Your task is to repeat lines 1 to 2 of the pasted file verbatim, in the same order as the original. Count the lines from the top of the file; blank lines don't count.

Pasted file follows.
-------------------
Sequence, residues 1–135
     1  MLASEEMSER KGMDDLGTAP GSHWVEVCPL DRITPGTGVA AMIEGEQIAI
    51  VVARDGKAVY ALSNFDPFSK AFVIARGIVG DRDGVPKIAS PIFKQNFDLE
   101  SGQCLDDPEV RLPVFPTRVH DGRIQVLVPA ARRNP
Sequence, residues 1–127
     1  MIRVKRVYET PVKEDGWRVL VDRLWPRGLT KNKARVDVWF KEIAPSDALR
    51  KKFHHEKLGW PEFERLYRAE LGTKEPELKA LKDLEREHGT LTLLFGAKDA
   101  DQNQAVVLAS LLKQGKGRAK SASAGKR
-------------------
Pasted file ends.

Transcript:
Sequence, residues 1–135
     1  MLASEEMSER KGMDDLGTAP GSHWVEVCPL DRITPGTGVA AMIEGEQIAI